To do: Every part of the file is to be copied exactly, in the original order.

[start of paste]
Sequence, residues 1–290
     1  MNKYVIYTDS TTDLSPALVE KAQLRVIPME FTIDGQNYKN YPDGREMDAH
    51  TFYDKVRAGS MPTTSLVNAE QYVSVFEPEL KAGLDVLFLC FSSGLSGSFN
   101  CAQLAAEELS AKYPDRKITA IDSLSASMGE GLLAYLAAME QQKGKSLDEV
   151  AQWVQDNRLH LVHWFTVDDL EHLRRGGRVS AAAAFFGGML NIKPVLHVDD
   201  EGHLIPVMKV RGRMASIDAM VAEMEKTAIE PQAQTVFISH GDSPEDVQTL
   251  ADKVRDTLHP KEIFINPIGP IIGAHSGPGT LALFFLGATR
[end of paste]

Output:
Sequence, residues 1–290
     1  MNKYVIYTDS TTDLSPALVE KAQLRVIPME FTIDGQNYKN YPDGREMDAH
    51  TFYDKVRAGS MPTTSLVNAE QYVSVFEPEL KAGLDVLFLC FSSGLSGSFN
   101  CAQLAAEELS AKYPDRKITA IDSLSASMGE GLLAYLAAME QQKGKSLDEV
   151  AQWVQDNRLH LVHWFTVDDL EHLRRGGRVS AAAAFFGGML NIKPVLHVDD
   201  EGHLIPVMKV RGRMASIDAM VAEMEKTAIE PQAQTVFISH GDSPEDVQTL
   251  ADKVRDTLHP KEIFINPIGP IIGAHSGPGT LALFFLGATR